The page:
Research has shown that the overexpression of MBD2 in Boston University mouse proximal tubule cells (BUMPT) and kidney tissues during acute kidney injury induced by lipopolysaccharide and cecal ligation and puncture induced the expression of B-cell lymphoma-2 (BCL2)-associated X protein and cleaved caspase-3, thereby increasing the apoptosis rate of BUMPT cells. This is achieved by demethylation of the promoter by MBD2 to promote the upregulation of protein kinase C-eta (PKCη), which is directly at the downstream of MBD2, followed by the induction of p38 mitogen-activated protein kinase phosphorylation. Subsequent findings in this model also suggested that extracellular signal-regulated kinase (ERK) phosphorylation was promoted through the increase in PKCη expression, resulting in positive regulation of inducible nitric oxide synthase and cyclooxygenase-2 expression, and ultimately increasing the expression of tumor necrosis factor (TNF)-α and interleukin (IL)-1β, and inter-cellular adhesion molecule 1 in BUMPT cells, thus inducing an inflammatory response [Figure 1].[2]

Cluster of differentiation 4-positive (CD4+) T cells are cytotoxic and play an important role in inflammation. These cells undergo differentiation after stimulation by antigen-presenting cells, resulting in different types of effector T cells such as Th1, Th2, Th17, and regulatory T cell (Treg). TNF-β and IL-6 are important for Th17-induced differentiation. Zhilin et al[3] found that, in the airways of patients with chronic obstructive pulmonary disease, MBD2 promotes the secretion of IL-6 and IL-8 via the ERK1/2 pathway. In addition, in lung fibrosis, studies have shown that transforming growth factor (TGF)-β1 induced overall DNA hypermethylation, and MBD2 was overexpressed in fibroblasts in a TGF-β receptor I/drosophila mothers against decapentaplegic protein 3 (TβRI/Smad3)-dependent fashion. MBD2 selectively binds to hypermethylated CpG DNAs in the erythroid differentiation regulator 1 (Erdr1) promoter to inhibit its expression, enhance TGF-β/Smad signaling, and promote fibroblast differentiation to myofibroblasts, which aggravates lung fibrosis [Figure 1].[4]

In mice with Th17-mediated severe asthma, MBD2 overexpression significantly decreased suppressor of cytokine signaling 3 (SOCS3) expression, and Th17 cell differentiation was negatively correlated with this change in SOCS3. After establishing a severe asthma model, increased SOCS3 expression and decreased Th17 differentiation were observed in MBD2 knockout mice, and it was hypothesized that MBD2 may promote Th17 cell differentiation by downregulating SOCS3 expression in severe asthma patients [Figure 1].[5] Similarly, in a severe asthma model, MBD2 protein expression was increased in lung and spleen cells. The expression of IL-17 protein increased significantly with the overexpression of MBD2 gene and decreased with the silence of MBD2 gene. MBD2 ultimately regulates the differentiation of Th17 cells in asthma by promoting interferon regulatory factor 4 (IRF4) expression to influence inflammatory responses [Figure 1].[6]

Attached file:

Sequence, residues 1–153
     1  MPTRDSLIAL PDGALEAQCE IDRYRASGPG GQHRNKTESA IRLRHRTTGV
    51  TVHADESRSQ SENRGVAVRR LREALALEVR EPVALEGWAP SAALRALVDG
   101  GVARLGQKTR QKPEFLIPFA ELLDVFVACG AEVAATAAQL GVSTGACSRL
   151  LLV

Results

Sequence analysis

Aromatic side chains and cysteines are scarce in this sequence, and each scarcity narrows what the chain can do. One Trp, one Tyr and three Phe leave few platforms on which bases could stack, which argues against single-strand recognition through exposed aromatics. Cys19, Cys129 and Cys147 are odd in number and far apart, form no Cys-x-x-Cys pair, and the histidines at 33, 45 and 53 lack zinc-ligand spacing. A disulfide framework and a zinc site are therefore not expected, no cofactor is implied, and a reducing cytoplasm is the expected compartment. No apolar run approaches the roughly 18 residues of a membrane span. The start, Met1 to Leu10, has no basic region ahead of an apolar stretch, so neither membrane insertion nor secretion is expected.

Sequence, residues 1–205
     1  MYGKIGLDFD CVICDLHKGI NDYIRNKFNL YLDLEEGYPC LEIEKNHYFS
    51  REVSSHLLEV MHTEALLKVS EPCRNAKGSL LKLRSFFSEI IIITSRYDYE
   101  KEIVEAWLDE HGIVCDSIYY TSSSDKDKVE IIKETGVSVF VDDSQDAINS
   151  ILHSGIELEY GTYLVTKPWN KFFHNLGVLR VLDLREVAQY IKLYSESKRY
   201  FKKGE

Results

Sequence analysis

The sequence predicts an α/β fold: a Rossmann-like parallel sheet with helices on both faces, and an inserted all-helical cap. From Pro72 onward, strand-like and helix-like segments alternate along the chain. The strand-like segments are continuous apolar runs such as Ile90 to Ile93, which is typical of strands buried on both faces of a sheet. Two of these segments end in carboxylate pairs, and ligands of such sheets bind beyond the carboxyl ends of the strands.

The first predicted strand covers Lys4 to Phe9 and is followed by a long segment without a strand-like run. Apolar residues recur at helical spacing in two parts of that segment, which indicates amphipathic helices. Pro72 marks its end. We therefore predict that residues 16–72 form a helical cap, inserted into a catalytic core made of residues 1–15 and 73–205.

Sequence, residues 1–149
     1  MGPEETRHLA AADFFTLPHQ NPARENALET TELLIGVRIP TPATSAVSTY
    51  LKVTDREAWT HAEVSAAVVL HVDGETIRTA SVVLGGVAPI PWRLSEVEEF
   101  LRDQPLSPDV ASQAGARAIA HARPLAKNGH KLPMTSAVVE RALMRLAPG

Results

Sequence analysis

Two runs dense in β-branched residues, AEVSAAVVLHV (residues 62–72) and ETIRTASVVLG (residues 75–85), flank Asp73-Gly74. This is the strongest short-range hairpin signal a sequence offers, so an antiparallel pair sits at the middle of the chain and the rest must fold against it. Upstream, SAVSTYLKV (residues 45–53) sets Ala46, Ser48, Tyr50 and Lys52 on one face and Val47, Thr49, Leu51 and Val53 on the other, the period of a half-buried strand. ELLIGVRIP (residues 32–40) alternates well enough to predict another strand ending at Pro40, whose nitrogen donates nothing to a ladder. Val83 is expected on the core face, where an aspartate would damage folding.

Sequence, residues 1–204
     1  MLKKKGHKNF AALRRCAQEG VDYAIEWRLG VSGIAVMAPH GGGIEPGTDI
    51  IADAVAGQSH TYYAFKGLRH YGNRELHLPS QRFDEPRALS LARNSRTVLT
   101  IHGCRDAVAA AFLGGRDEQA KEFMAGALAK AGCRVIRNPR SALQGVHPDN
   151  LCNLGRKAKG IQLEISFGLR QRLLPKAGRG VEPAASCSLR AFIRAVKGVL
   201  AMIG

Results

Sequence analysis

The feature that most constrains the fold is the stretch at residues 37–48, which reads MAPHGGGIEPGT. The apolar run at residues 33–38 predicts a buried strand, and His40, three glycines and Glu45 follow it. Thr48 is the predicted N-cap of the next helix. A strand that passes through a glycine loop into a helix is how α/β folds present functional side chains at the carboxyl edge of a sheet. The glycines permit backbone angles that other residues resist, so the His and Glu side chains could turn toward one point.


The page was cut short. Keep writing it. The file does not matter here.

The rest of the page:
Severe asthma causes hypoxia. Hypoxia-inducible factor-1 (HIF-1) modulates the effect of hypoxia. In a mouse model of neutrophilic inflammatory asthma characterized by Th17 cell differentiation as well as activated and elevated IL-17, MBD2 and HIF-1α expression were markedly increased in lung and spleen cells. Studies of MBD2 and HIF-1α overexpression or silencing have shown that MBD2 is upstream and regulates HIF-1α expression, thereby regulating Th17 cell differentiation and IL-17 secretion in neutrophil-dominant asthma [Figure 1].[7]

In a study to model MBD2 knockout in the context of non-obese diabetes (NOD), it was confirmed that MBD2 deficiency aggravated type 1 diabetes progression in NOD mice. Combining this with the findings of subsequent experiments, MBD2 is considered to be a repressor that preserves Th1 cell homeostasis in patients with type 1 diabetes by regulating the signal transducer and activator of transcription 1-interferon-γ (STAT1–IFN-γ) axis [Figure 1].[8]

In bleomycin-induced pulmonary fibrosis, TGF-β1 caused DNA hypermethylation and MBD2 overexpression in fibroblasts. MBD2 binds to the Src homology 2 domain (SH2)-containing inositol 5′-phosphatase (Ship) promoters in macrophages and accelerates M2 polarization in macrophages by inhibiting Ship expression and enhancing the phosphatidylinositol 3-kinases/protein kinase B (PI3K/PKB) signaling pathway, which leads to pulmonary fibrosis [Figure 1].[9]

Inflammation underlies many pathological processes, and the understanding of the pathological and physiological aspects of inflammation has been refined and refreshed over the years. In recent years, genes and DNA methylation have been identified to be associated with cell death and inflammatory processes in a variety of disease pathologies. MBD2, a DNA methylation-associated readout of protein, is not only involved in the inflammatory process, but may also be an attractive therapeutic target. Research into upstream and downstream signaling components may provide unexpected insights into disease treatments and prevention. An in-depth analysis of MBD2 participation in both typical and atypical activation of inflammation may reveal the differences between these pathways and explain why DNA methylation is widely involved in acute and chronic inflammatory processes. This article focuses on MBD2 and inflammatory mechanisms to provide useful insights for future studies.


This study was supported by the Foundation of Guizhou Science and Technology Cooperation (No. [2020]1Z061) and the National Natural Science Foundation of China (No. 82160370).


We thank Liwen Bianji (Edanz) (https://www.liwenbianji) for editing the language of a draft of this manuscript.

Conflicts of interest